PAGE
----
The world was once wondrous. As a boy I remember mounting the stairs that led to the legendary Harvard Medical School. The huge granite slabs were worn by past generations of scientists. Here, I fancied, the greatest minds on the planet busied themselves around electron microscopes and ultra-centrifuges, working in their laboratories on secret experiments. But I'm older now, and my colleagues tell me we're just the activity of carbon and some proteins; we live awhile and die. And the universe? It too has no meaning. They have it all worked out in the equations -- no need for woo.
But a series of new experiments suggest this may be all wrong, and that part of us exists outside of the physical world. The implications of these experiments have been downplayed because, until recently, quantum behavior was limited to the microscopic world. However, this 'two-world' view (that is, one set of physical laws for small objects, and another set of laws for the rest of the universe, including us) has no basis in reason, and more importantly, is being challenged in labs around the world.
We're trapped in an outdated paradigm. A few more equations, we're told, and we'll know it all -- any day now. There's no adventure left, no lost gardens in far away lands. But we all intuitively know there's more to existence than our science books grant. It's the same nostalgic yearning that gives religion its persistent power over humanity.
It was this search that lured me into science. My life has been a journey that began as a young boy when I persuaded myself to make a trip (by bus and trolley) to Harvard. I hoped the men of science would receive me kindly, but when I got there the guard wouldn't let me in. I felt like Dorothy in the Wizard of Oz, when the palace guard said "go away." I went around the building and stood by some dumpsters trying to look inconspicuous. A short balding guy came walking up with a bunch of keys -- the janitor, I thought. After I slipped in, he asked me if he could help. "No," I said "I'm looking for a Harvard doctor. I'm trying to induce melanin synthesis in albino chickens." My words met with a stare of surprise. Seeing the impact they were having, I went on, although I was certain he didn't know what DNA was. As we got to talking, I told him I worked in the school cafeteria myself, and was good friends with the janitor up the street. He asked if my father was a doctor. "No," I laughed. "He's a professional gambler. He plays poker."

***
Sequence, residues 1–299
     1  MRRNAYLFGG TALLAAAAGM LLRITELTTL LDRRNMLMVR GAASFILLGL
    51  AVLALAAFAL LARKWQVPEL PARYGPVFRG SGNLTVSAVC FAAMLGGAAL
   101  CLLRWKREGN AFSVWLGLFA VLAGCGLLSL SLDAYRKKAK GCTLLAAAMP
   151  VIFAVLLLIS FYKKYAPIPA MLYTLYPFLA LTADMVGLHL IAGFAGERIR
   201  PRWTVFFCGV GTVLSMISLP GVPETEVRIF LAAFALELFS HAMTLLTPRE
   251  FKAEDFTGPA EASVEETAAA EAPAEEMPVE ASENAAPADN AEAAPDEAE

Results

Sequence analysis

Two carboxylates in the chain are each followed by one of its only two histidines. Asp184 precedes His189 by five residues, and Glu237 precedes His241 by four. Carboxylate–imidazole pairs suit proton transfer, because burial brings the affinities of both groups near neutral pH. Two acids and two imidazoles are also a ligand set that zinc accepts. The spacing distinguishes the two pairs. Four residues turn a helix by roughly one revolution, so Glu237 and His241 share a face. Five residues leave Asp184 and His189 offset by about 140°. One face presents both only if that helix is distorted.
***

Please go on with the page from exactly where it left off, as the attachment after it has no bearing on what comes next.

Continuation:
I didn't know he was Stephen Kuffler, the world-famous neurobiologist who had been nominated for the Nobel Prize. At the time, however, I felt like a schoolmaster lecturing a pupil. I told him about the experiment I had performed in my basement--how I altered the genetic makeup of a white chicken to make it black. "Your parents must be proud," he said. "No, they don't care what I do," I replied. "They think I'm out in my treehouse." He insisted on introducing me to a "Harvard doctor." I hesitated -- I didn't want him to get into trouble. "Don't worry about me," he said with a little grin.
He took me into a room crammed with sophisticated equipment. A "doctor" looking through an instrument was about to insert an electrode into the nerve of a caterpillar [the "doctor," Josh Sanes, was a graduate student, now Director of Harvard's Center for Brain Science]. "I'll stop back later," my new friend said. From that moment on everything was a dream come true. The doctor and I talked all afternoon. And then I looked at the clock. "Oh no!" I said, "I have to go!" I hurried home and went straight to my treehouse. That evening, the call of my mother penetrated the woods: "Rob--by! Time for dinner!"
No one had any idea that evening - including me − that I had met one of the greatest scientists in the world. Kuffler is often referred to as the "Father of Modern Neuroscience." As a medical student I used his From Neurons to Brain as a textbook. Yet it wasn't what I learned from his book that was most relevant to understanding the world. It was startling to realize, after studying neurobiology, that objects, indeed our own bodies, are nothing but representations in our mind -− that we can't see anything through the bone surrounding the brain.